Heart slowing, finally starting to relax, Gary picked at a thin line of dirt under his fingernail. A smile cut his face in half.

*

Outside, the snow began falling and the wind drove it sideways. A muffled flutter of wings made Sophie snap her head toward the trapped bird. Bill muttered a curse and dragged a chair over to the chimney.

"Gary, open the side window."

"Wow, it's a whiteout," Gary said.

Bill removed the plate and waited.

Sitting in the dark hole was a female wood duck. Bill studied the creature while Sophie crouched in a new stance that was immediately offensive to him. Arms forward from her body and slightly bent gave her the appearance of a praying mantis.

"Sophie, resume a normal human stance," Bill said.

"This is the stance when you're in danger."

"I'm not in danger."

Sophie remained frozen in attack mode, and Gary nervously handed Bill his winter gloves.

Bill made eye contact.

"Sit your ass down and don't move!"

"Okie dokie," she sang.

The wood duck sailed into the living room and Gary mumbled something about a winter barbecue. As Bill gave chase, he repeatedly glanced back at Sophie whose eyes devoured the bird from a distance. Gary picked up a heavy glass ashtray from the coffee table and held it shoulder level, twisting his body to keep the bird in view.

Cornering the duck, Bill grabbed her. Through his gloves he sensed a current, a bundle of tiny flames mingled with his own pulse.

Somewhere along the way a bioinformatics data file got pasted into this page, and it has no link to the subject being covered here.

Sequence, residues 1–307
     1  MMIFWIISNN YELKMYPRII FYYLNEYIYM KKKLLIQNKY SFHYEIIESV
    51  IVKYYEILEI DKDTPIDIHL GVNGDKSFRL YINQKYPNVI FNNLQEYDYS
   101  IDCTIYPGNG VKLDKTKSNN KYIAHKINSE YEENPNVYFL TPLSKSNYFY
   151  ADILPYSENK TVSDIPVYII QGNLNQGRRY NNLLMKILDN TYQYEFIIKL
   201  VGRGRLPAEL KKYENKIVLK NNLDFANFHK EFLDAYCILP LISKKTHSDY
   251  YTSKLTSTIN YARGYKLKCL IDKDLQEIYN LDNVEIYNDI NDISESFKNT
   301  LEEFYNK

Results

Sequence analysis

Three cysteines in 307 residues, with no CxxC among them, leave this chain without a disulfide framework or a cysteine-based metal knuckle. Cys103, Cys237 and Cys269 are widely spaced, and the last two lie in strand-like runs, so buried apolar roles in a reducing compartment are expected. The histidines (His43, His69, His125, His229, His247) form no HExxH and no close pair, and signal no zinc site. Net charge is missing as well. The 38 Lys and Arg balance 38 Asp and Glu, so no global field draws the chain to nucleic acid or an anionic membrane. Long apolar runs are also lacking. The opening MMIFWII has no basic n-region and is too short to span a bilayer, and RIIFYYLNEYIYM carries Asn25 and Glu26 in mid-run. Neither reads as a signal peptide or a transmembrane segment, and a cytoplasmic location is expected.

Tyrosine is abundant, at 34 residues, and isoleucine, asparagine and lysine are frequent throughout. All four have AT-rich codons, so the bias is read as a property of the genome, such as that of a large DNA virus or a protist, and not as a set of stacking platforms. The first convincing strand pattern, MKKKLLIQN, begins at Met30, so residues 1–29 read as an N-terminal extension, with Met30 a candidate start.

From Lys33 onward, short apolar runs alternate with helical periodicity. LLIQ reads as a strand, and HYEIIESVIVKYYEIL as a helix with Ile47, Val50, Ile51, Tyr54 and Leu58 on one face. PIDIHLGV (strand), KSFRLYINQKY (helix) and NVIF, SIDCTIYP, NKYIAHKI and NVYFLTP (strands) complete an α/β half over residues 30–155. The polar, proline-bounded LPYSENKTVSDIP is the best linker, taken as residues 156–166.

Releasing the bird at the open window, Bill turned to Sophie who appeared distressed at losing the creature. He shot her a look full of small knives. Gary smirked.

Immediately, another wood duck swooped from the rooftop to join its mate. Bill watched as the two birds found their rhythm in a loose formation flight. Although the snow and wind made him gasp for breath, he leaned further out the window. Staring into the whiteness, Bill's hands felt bruised by wood duck's pulse. He tore off the gloves feeling the heartbeat of another life leap between his palms.

Gary ran toward the window, still holding the glass ashtray as if to throw, curious to see what held Bill's attention. His sudden movement triggered Sophie. Snatching Gary, she bit deep into his neck and fell to the carpet with her prey, arms and legs locked against Gary's final struggle. His screams quickly diminished to a whimper.

Bill's curse to the heavens made Sophie look up. He grabbed the ashtray off the carpet, raised it over his head and gazed at her perfect, blood-covered face. Their eyes met and instantly his will vanished, his optic signature cancelled by Sophie's hunger. Then, slowly, as if leaning over to kiss someone, she returned to Gary's neck. As the wind moved deeper into the room, Bill lowered his arm and the ashtray slipped from his hand.

He stumbled toward the open window and leaned into the cold air.

The two wood ducks reappeared, flying just above the river--living brush strokes, glamorous and ancient. For several moments they were visible before disappearing into the dense white smoke of winter.

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Fred Tribuzzo's aviation memoir, American Sky: Good Landings and Other Flying Adventures, was recently published by Koehler Books. In 2009 he self-published Saint Nick, a modern-day Scrooge tale.